"In testimony whereof, the mayor and aldermen of the town of Milan have caused the signature of the mayor to be hereto set, and the seal of the corporation to be affixed, this 1st day of July, 1873, A. D. [L. S.] A. JORDAN, Mayor of the Town of Milan." The declaration alleged that the 12 bonds constituted the entire number of the issue by the defendant, and that the plaintiffs owned the bonds and coupons by the purchase of them in good faith. The defendant, for plea, averred that it did not make the bonds or the coupons, nor was any person authorized to make the same for it, and that the coupons were not its act and deed. The plaintiffs, for replication to the plea, averred that theretofore, in the chancery court for the county of Gibson, in Tennessee, the defendant instituted suit against the payee of the bonds, and certain other persons, holders thereof, by filing its bill in said chancery court against the Mississippi Central Railroad Company, H. S. McComb, and others, alleging that the bonds were invalid, and praying to have the same so adjudged, and to be surrendered to the defendant and canceled; that thereafter, in January, 1875, in said chancery court, a final decree was rendered adjudging that the bonds and coupons were valid obligations against the town of Milan; and that, therefore, the matter was res adjudicata. The defendant put in a rejoinder to the replication, averring that the decree referred to was produced by combination and fraud between the vice-president of the New Orleans, St. Louis & Chicago Railroad Company, and the agents and attorneys of the defendant, by which a decision of the court in the cause, upon the matters involved, was prevented, and the decree was consented to for the purpose of giving it effect as res adjudicata upon points in litigation not honestly contested; that the decree was not the judgment of the court on the issues involved, but was founded upon the unauthorized consent of certain agents and attorneys of the defendant, who had no power to give such consent or to bind the defendant in the premises; that the court had no power to bind the defendant by the decree; that the decree was not rendered in favor of a party to the record, but

in the interest of a stranger thereto; and that the plaintiffs were not bona fide holders, without notice, of the bonds or the coupons. The plaintiffs demurred to the rejoinder, alleging various causes of demurrer. The demurrer was overruled, and the plaintiffs then took issue upon the rejoinder. The case was then tried by the court on due waiver in writing of a jury. At the trial, the coupons sued on, and the bonds from which they were detached, were offered in evidence by the plaintiffs; the genuineness of the signatures being admitted. Each coupon was in the following form:

"Town of Milan.

"$35. Warrant for thirty-five dollars, being for six months' interest, payable on the 1st day of July, 1880, in the city of New York, on bond No.-. "A. JORDAN, Mayor of the Town of Milan, Tenn."

The defendant objected to the admissibility of the coupons and bonds, on the ground that they were signed, sealed, and delivered by the constituted authorities of Milan, without any legislative power having been given to them, or to the defendant or its agents, to sign, seal, deliver, or issue the coupons or the bonds. The court, being of opinion that such objection was well taken, sustained it, and excluded the coupons and the bonds, and the plaintiffs excepted.

There was a stipulation of facts made by the parties, which is set forth in the bill of exceptions, stipulating (1) that the bonds in question were issued by the defendant in payment of a stock subscription made by it to the Mississippi Central Railroad Company, the subscription being for the sum of $12,000; (2) that, at the time of making the subscription, the railroad company was about to extend its line from Jackson, Tenn., to Cairo, Ill., and the subscription was to aid in making such extension, and to secure its location through the defendant's town; (3) that such extension was completed in 1873, the same running through the town limits of the defendant, as it stipulated for, and the extension had been operated ever since that time. The following facts also appeared by the stipulation: On the 10th of July, 1874, A. Jordan and six other persons, residents and tax-payers of the town, instituted proceedings in the chancery court at Humboldt, in Gibson county, Tenn., against the Mississippi Central Railroad Company and others, for the purpose of avoiding the liability of the town upon the bonds; the complainants constituting the board of mayor and aldermen of the town. The bill alleged that, in the record of proceedings of the board, of the date of May 11, 1872, there was the following entry: "The board was convened by order of the mayor. Present: A. Jordan, mayor; W. M. McCall, M. B. Harris, J. H. Dickinson, J. M. Douglas, W. E. Reeves, W. H. Algea, aldermen. On motion, it was ordered that 12 bonds of $1,000 each, with coupons attached, payable 20 years after issuance, bearing interest at 7 per cent. per annum, be issued by the corporation of the town of Milan, Tenn., to the Mississippi Central Railroad Company, upon the following conditions, namely: That the Mississippi Central Railroad be extended from Jackson, Tenn., to the town of Milan, and intersect or cross the Memphis and Louisville Railroad at the point agreed upon by Col. Read, chief engineer of the Mississippi Central Railroad, and the committee on behalf of the corporate authorities of the town of Milan, near S. P. Clark's residence, the interest on said bonds to be paid annually; and that the town. marshal open and hold an election on the 12th day of June, 1872, within the corporate limits of said town, for a ratification or rejection of said proposition." That in such record were entered the following proceedings as having taken place at a meeting of said board on the 17th of June, 1872: "The board met pursuant to adjournment. Present: A. Jordan, mayor; W. M. McCall, M. B. Harris, J. M. Douglas, W. H. Algea, and W. E. Reeves, aldermen. The minutes of the former meeting were then read and adopted. The election was held on the 12th day of June, 1872, for the ratification or rejection of the action of the board of mayor and aldermen of the town of Milan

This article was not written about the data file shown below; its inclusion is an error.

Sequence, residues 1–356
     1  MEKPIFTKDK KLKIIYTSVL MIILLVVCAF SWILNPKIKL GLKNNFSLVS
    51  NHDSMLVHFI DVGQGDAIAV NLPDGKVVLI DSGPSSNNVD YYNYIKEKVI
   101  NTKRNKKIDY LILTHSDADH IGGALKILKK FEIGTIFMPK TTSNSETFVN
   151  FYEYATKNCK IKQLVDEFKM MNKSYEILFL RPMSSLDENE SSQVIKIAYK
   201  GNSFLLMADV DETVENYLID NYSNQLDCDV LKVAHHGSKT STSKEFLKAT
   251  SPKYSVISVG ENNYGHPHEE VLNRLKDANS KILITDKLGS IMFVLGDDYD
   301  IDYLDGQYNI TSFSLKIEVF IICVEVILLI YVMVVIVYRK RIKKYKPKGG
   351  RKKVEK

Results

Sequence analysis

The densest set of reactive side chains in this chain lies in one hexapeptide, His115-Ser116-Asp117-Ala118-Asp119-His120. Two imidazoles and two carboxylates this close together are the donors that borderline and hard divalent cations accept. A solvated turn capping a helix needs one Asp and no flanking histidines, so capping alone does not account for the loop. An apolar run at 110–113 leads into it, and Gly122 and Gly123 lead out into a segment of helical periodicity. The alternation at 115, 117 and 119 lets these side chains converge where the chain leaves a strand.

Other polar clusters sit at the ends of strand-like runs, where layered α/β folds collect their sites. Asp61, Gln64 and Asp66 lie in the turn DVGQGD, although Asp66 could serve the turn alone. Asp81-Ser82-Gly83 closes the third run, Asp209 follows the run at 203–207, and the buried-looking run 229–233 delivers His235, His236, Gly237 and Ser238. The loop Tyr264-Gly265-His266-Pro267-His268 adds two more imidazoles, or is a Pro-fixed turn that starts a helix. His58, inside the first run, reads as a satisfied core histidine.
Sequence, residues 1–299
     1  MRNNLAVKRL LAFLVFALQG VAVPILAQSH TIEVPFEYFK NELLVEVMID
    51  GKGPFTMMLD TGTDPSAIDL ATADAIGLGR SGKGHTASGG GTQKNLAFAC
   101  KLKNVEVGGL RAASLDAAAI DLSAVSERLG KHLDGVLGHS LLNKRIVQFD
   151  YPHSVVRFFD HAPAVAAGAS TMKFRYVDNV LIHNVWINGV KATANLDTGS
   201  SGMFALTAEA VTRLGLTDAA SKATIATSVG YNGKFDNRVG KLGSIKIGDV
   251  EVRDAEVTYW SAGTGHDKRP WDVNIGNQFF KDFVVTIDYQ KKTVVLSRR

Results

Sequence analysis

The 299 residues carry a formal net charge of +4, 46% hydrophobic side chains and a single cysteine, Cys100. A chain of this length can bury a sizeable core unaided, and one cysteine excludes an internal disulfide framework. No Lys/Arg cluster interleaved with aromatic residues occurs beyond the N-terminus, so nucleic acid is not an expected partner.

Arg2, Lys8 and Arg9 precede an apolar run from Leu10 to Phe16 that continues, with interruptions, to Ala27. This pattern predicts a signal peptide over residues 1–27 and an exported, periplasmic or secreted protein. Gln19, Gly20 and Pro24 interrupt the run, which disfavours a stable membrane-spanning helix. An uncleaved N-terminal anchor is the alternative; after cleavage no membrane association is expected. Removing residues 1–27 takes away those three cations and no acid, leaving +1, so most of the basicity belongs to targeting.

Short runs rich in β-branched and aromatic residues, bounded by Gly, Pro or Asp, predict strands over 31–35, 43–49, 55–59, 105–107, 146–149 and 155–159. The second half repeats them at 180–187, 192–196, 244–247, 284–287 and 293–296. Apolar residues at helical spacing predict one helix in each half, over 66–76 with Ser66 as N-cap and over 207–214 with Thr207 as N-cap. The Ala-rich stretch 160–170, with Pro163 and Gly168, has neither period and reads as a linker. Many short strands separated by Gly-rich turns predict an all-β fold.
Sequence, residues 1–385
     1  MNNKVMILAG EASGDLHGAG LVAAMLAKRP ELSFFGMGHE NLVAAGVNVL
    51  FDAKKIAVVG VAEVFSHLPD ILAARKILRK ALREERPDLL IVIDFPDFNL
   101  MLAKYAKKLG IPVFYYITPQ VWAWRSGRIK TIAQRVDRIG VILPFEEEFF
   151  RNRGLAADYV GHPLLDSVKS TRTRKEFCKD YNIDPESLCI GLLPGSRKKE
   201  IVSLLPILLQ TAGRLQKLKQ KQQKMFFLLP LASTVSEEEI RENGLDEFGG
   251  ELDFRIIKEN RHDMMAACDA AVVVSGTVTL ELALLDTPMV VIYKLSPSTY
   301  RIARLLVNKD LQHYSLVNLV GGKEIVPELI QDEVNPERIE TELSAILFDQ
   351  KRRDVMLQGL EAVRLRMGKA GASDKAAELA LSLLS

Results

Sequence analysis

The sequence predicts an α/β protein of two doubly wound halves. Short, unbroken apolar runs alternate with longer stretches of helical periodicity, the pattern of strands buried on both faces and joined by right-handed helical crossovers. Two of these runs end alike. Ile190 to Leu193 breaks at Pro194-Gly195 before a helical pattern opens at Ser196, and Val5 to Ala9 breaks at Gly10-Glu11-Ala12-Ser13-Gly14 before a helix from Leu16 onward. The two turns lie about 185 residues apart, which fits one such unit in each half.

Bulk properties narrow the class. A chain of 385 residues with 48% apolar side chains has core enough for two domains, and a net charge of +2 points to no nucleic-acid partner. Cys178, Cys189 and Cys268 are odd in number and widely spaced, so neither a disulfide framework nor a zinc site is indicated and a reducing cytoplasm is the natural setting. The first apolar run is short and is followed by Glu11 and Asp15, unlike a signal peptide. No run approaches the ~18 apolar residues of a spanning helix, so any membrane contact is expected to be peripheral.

in regard to the issuance of the $12,000 in bonds to the Mississippi Central Railroad Company upon certain conditions. The returns of said election show a vote of 117 for subscription, and 2 no subscription." "W. M. McCall and W. H. Algea were appointed a committee to correspond with Judge Milton Brown, of Jackson, Tenn., in regard to the proposition of Milan corporation in regard to issuing the $12,000 in bonds to the Mississippi Central Railroad Company." That the foregoing entries constitute all the proceedings in regard to the subscription of the $12,000 in bonds, and in regard to the election held for ratifying or rejecting the action of the board in directing the issue of the bonds. That there was nothing to show the manner in which the election was held, or by whom the returns were made, or that the required number of votes was polled in favor of the proposition, as required by law. That the order of the board directing the issue of the bonds was without authority, (1) because the order was adopted and the election ordered without any application in writing, or otherwise, to the board for the purpose, as required by section 1144 of the Code of Tennessee; (2) because the election was ordered to be held, and was held, by the town marshal or constable, and not by the sheriff of the county of Gibson, as required by section 1143 of the Code; (3) because the marshal, after the polls were opened, and before they were closed, suffered the box in which the votes were deposited to be removed from the place in the town fixed for receiving ballots, to various other places in the town, and put into the ballot-box votes offered at such places not fixed by law as a place of voting, and without authority; and (4) because, at the time, the entire line of the contemplated road in which the stock was to be taken had not been surveyed by a competent engineer, and substantially located by designating the termini, and approximating the general direction of the road, and no estimate of the grading, embankment, and masonry had been made by any one authorized to make it, and no such estimate as was required by section 1145 of the Code had ever been filed. That, at the time of ordering and holding such election, the population of Milan was less than 1,000 inhabitants, and therefore it was not authorized by law to take stock in railroads, issue bonds, or levy a tax for their payment; that on the 23d of June, 1873, the said board made the following order: "On motion of W. M. McCall, the mayor was instructed to issue twelve bonds to the said Mississippi Central Railroad Company, of the denomination of $1,000 each, with interest from date of issuance at the rate of 7 per cent. per annum." That thereupon said mayor prepared 12 bonds, designated as the "Bonds of the Town of Milan," of $1,000 each, payable to the Mississippi Central Railroad Company, or bearer, 20 years from the date of issue, and dated July 1, 1873, bearing 7 per cent. interest per annum, to which bonds were attached coupons for the payment of such interest on the 1st of July of each year the bonds had to run; each one of the bonds and coupons being signed by A. Jordan, mayor and recorder, and being made payable in the city of New York. That on the 4th of August, 1883, the bonds and coupons were delivered to the Mississippi Central Railroad Company, through one Hall, its treasurer and cashier. That the bonds, with the coupons, one year's interest being due on July 1, 1874, were still in the possession of Hall, or some other officer or agent of the company, and the company was attempting to collect the interest due on the bonus. That the town was not bound to pay the bonds, their issue being made contrary to law; but, if the company should sell them to innocent purchasers, the town would be bound in law to pay them. That the officers of the company would sell and assign the bonds, with a view to making the town liable, if they had not already done so in part, and that they were attempting to negotiate them, and would do so unless restrained by injunction. The bill prayed that the company and its officers be enjoined perpetually from transferring or disposing of the bonds and coupons, and from collecting the same, and that they be delivered up and canceled. On the 10th of July, 1874, (the